As we embark on 69th Cannes Film Festival, the eternal question returns: Why is it that the two most prestigious and glamorous events in cinema — the Riviera festival and the Academy Awards — never seem to agree on what a Best Picture should be?
Since 1955, when Cannes began handing out the Palme d’Or — a top prize equivalent to Oscar’s Best Picture — the two have been in agreement just once. That was right at the start, when the Ernest Borgnine starrer Marty picked up both prizes.
It was the eighth Cannes Film Festival that year; prior to 1955 the festival had awarded only a Grand Prix, and in 1946 the eventual Best Picture winner, Billy Wilder’s The Lost Weekend, was among 11 films that collected that prize. Indeed, Cannes that year followed Oscar’s lead in giving Best Actor winner Ray Milland its male actor prize. And several other actors have matched Oscar and Cannes success for the same film, including Sophia Loren, Simone Signoret, Sally Field, Jon Voight, Holly Hunter, Christoph Waltz and Jean Dujardin.
But since Marty’s dual victory, not a single movie has won both the Best Picture Oscar and Palme d’Or. I have a feeling that it has only even come tantalizingly close once since then, and that was in 2002 when Roman Polanski took the Palme d’Or for The Pianist, a movie that went on to win Oscars for Director, Screenplay and Actor, only to lose Best Picture to Chicago by what must surely have been the tiniest of margins considering the strength of The Pianist in those key categories that usually signal a Best Pic win.
Certainly Cannes has had many opportunities to give the Palme d’Or to Oscar’s Best Picture winners since. All About Eve, An American in Paris, From Here to Eternity, No Country for Old Men and The Artist all have played in competition but did not receive the ultimate Cannes accolade to match their eventual Academy Award. Best Picture Oscar nominees that did win the Palme d’Or include Friendly Persuasion, MASH, The Conversation, Taxi Driver, Apocalypse Now, All That Jazz, Missing, The Piano, Pulp Fiction, Secrets and Lies, The Tree of Life and most recently Amour. It is probably true that the Palme d’Or win for those nominees did nothing to hurt their chances in gaining entry into Oscar’s Best Picture race, but it seems that — since Marty, at least — a Palme d’Or does nothing to seal the deal with Academy voters.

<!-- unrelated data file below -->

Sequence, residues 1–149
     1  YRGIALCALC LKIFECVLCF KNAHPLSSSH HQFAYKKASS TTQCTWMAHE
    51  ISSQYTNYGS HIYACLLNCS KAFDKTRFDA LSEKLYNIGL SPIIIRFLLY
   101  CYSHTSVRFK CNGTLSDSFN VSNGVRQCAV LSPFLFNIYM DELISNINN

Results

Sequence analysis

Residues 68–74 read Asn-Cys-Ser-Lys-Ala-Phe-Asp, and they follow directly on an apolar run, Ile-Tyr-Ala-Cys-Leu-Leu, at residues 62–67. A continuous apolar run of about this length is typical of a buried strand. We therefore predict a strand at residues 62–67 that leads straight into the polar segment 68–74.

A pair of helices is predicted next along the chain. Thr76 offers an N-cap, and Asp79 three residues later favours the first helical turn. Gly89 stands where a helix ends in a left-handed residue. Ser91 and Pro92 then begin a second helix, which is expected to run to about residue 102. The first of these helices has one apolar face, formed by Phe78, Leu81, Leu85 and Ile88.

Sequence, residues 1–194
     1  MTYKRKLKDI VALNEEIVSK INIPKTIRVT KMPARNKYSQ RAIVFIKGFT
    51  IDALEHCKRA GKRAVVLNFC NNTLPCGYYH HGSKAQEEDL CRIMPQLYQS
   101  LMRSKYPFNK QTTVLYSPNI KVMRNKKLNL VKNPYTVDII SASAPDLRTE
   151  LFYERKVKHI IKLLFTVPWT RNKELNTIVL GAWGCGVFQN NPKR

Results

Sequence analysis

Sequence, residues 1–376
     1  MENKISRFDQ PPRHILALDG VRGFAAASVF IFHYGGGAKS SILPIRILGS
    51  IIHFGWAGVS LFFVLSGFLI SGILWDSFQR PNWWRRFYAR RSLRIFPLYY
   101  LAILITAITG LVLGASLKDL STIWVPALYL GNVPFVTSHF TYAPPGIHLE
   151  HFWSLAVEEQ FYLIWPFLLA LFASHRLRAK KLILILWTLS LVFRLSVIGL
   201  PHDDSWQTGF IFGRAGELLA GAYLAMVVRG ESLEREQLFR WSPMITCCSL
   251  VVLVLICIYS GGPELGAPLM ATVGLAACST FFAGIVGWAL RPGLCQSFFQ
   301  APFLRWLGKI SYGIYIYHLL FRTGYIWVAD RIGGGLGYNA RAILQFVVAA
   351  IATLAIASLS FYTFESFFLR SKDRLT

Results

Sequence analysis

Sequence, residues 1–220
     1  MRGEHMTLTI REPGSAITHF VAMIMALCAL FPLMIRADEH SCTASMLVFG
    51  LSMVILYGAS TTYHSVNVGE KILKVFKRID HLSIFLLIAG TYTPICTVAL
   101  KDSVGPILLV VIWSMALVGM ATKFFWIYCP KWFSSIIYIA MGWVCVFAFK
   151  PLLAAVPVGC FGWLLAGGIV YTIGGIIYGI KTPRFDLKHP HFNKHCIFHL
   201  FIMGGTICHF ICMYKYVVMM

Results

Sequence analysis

Perhaps that is why so many potential Oscar contenders are reticent to debut in the not-so-Oscar-friendly period of May, when the Cannes festival rolls around. One top studio executive echoed that thought. “If you know you have the goods, then Cannes is a good bet to launch, but if you are at all unsure of what the reception might be, I would say it is too big a risk to take for any potential Oscar campaign.” That doesn’t mean his studio wouldn’t consider Cannes; just that you have to proceed with caution.
That not only goes for awards contenders, it applies to the box office as well. A Cannes misfire can do irreparable damage to a movie. Just take the case of last year’s Gus Van Sant competition entry, The Sea of Trees. On paper it would seem a sure thing for Cannes, with a director who has won a Palme d’Or winner (Elephant) and a strong cast including Matthew McConaughey — fresh off an Oscar win. But after it was booed by a loud portion of the audience at its early-morning press screening, the film never was able to recover. Roadside Attractions, which had picked up the film for U.S. distribution just before the festival, is no longer releasing it, and a new distributor has yet to be announced.
Cannes favorites and Palme d’Or winners Joel and Ethan Coen have had a checkered history with the fest. O Brother, Where Art Thou? had a weak reception in the South of France and struggled to recover six months later when Disney opened the film in America with the eventual help of a smash soundtrack that turned it into a hit. No Country for Old Men won no prizes in Cannes but eventually swept awards season all the way to a big triumph at the Academy Awards in 2007. The brothers’ biggest Cannes triumph on the other hand, Barton Fink, which won the 1991 Palme d’Or, received only three relatively minor Oscar nominations, and not a single one for the Coens themselves.
As you can see, sometimes Cannes and Oscar just don’t see eye-to-eye. Of last year’s competition entries, only eventual Best Foreign Language Oscar winner Son of Saul scored an Academy Award, yet out of competition entries Mad Max: Fury Road and Inside Out won seven Oscars between them. Sometimes it pays not to compete.
So what are the crossover prospects for this year’s crop? Two-time Oscar winner Pedro Almodovar is back with Julieta, and still seeking his first Palme d’Or. Two-time Best Actor winner Sean Penn directs Oscar winner Charlize Theron in The Last Face. And, sight unseen, Jeff Nichols’ competition entry Loving would seem to be the one to watch, as Focus Features already has given the film its prime November awards-season slot where The Danish Girl and The Theory Of Everything thrived in the past two years.
And, just because of their strong Oscar pedigrees, out of competition entries The BFG from Steven Spielberg, Money Monster from Oscar winners George Clooney, Julia Roberts and director Jodie Foster and opener Café Society from Woody Allen will be watched carefully for their Academy possibilities.
But, in the end, will Oscar voters even care?
A version of this article also appears in Deadline’s special 10th Anniversary Magazine.
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